What otherwise might be considered "mundane" Levantine politics is thus of cosmic significance. For it is the "rule of our own government" in the land that gives effect to the second stage of redemption.

When this State of ours is in full control, both internally and externally, then the fulfillment of this mitzva of the Inheritance can be truly revealed-the mitzva that is the basis and essence of all of the mitzvot relating to settlement in the Land. It is these mitzvot that, by means of our rule, can accomplish the act of Redemption, and it is by their means that the vision of Redemption must be progressively fulfilled according to the word of the Universal King. 43

Although the redemption of Israel would in principle lead to the redemption of all mankind, this theme was more prominent in Abraham Isaac Kook's thinking than in the much more parochially focused message of his son. '"When Israel performs mitzvot other than for its own sake," wrote Tzvi Yehuda, "its merit reaches up to the heavens; when it does so for its own sake, its merit reaches above the heavens." 44

An important incident that occurred some three weeks before the outbreak of the Six Day War helped instill in his disciples an incontrovertible belief in the divine source of the guidance they received from Tzvi Yehuda. His disciples recounted that on the eve of Israeli Independence Day the rabbi was delivering a commemorative sermon "in the midst of which his quiet tone suddenly rose to crescendo, bewailing the partition of historic Eretz Yisrael." 45

Nineteen years ago, on the very night that the decision of the United Nations to create the State of Israel was handed down, as the entire people rejoiced. I was unable to join in their happiness. I sat alone-quiet and depressed. In those very first hours I was not able to accept what had been done, that terrible news, that indeed "my land they have divided" had occurred! Yes, where is our Hebron-have we forgotten it?! And where is our Schechem, and our Jericho, where-will we forget them?! And all of Transjordan-it is all ours, every single clod of earth, each little bit, every part of the land is part of the land of God-is it in our power to surrender even one millimeter of it?! 46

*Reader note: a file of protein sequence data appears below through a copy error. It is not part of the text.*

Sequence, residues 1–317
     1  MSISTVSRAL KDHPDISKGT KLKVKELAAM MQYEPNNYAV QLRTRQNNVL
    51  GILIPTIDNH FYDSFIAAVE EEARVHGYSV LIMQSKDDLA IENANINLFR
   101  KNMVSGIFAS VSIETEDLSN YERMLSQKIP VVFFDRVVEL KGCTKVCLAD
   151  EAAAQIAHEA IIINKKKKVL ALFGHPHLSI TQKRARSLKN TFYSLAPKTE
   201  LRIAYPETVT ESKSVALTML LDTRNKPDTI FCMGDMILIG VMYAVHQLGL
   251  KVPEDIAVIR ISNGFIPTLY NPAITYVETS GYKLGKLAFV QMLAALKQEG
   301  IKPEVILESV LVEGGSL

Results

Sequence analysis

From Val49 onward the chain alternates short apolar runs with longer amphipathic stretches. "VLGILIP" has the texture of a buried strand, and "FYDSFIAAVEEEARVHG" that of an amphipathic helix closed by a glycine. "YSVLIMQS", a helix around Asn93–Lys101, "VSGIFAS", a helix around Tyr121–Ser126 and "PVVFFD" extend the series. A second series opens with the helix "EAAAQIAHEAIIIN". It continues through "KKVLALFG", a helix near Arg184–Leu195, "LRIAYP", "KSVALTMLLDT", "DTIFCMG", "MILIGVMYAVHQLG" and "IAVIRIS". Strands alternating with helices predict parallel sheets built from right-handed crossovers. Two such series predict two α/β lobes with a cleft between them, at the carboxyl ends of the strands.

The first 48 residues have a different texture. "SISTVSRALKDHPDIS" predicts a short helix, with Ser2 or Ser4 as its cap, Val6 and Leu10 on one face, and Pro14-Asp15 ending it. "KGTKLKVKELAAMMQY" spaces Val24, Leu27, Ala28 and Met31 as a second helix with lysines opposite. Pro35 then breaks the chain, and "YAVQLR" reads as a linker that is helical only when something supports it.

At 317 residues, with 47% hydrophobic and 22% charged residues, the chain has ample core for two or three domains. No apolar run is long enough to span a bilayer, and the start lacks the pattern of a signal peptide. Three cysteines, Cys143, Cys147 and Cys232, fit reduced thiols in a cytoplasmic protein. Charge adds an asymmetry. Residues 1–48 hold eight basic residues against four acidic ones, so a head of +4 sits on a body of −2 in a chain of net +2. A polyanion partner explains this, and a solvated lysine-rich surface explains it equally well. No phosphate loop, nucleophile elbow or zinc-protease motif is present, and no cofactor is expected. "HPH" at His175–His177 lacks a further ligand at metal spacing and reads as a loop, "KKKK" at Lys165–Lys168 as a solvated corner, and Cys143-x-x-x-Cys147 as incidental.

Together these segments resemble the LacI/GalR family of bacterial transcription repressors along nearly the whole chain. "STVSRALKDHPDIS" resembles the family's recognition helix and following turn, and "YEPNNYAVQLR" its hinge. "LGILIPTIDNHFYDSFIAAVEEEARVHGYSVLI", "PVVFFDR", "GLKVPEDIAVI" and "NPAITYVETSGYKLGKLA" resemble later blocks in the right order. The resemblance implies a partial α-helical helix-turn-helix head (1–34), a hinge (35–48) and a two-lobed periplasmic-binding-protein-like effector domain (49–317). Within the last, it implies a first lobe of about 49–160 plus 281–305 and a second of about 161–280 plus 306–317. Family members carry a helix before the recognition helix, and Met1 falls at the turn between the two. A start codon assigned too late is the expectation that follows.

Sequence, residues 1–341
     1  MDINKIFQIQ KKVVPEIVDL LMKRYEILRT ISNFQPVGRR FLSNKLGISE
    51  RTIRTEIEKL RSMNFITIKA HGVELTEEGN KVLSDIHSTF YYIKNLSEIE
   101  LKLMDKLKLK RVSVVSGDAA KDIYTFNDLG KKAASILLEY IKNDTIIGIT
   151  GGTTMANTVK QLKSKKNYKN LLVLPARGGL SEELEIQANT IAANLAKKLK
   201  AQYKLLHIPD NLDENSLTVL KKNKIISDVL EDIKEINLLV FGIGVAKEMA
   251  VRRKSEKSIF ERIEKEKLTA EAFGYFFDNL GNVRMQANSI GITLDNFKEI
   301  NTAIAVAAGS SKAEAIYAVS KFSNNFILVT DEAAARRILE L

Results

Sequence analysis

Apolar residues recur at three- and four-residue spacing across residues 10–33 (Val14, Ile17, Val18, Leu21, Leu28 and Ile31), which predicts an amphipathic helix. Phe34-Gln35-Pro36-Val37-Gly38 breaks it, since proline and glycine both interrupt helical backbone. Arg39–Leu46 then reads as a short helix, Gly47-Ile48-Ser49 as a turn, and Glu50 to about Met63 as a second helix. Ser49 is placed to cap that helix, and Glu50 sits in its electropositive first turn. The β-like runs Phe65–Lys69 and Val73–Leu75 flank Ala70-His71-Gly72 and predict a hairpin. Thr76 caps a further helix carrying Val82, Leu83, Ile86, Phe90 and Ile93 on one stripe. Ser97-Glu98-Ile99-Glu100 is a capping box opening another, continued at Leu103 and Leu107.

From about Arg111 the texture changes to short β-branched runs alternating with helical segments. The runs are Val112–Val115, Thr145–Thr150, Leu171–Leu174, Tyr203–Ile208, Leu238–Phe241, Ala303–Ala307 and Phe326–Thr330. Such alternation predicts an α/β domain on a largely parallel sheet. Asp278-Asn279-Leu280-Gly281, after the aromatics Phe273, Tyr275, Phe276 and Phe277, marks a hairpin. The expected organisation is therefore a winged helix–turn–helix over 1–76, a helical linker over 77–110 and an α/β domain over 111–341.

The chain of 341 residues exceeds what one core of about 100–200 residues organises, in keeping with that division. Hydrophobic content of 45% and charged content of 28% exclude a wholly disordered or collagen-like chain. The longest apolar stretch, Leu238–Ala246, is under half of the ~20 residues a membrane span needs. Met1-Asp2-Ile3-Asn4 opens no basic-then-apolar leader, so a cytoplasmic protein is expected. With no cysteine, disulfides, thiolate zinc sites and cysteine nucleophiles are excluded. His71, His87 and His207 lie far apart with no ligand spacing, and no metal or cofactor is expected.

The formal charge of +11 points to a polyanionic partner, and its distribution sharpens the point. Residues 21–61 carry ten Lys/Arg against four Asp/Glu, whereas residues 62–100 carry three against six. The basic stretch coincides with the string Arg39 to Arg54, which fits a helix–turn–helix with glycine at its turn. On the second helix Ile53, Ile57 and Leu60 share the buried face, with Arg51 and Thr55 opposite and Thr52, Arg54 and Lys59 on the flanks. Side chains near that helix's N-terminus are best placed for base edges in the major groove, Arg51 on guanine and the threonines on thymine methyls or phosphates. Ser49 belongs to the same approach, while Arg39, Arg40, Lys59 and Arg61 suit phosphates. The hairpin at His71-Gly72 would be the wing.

Asked by his students if it was permissible to view the scheduled military parade in Jerusalem, Tzvi Yehuda is said to have responded, "Of course, know that this is the army of Israel that will liberate the Land of Israel." 47 This reply was interpreted and widely regarded within Gush Emunim as evidence of the rabbi's prophetic status.

Some have argued that the image of Tzvi Yehuda as a charismatic and quasi-prophetic figure was created by a self-serving core group of his students who realized they could trade upon their closeness to him to achieve a prominence within religious society that they could not have achieved by their own scholarly and spiritual accomplishments. 48 On the other hand, given Tzvi Yehuda's impact on the imagination of many leading politicians, it is not difficult to understand why his leadership was accepted by so many national religious youth. One student at Merkaz HaRav describes an audience Tzvi Yehuda granted to Menachem Begin shortly after the latter's victory in the 1977 parliamentary elections.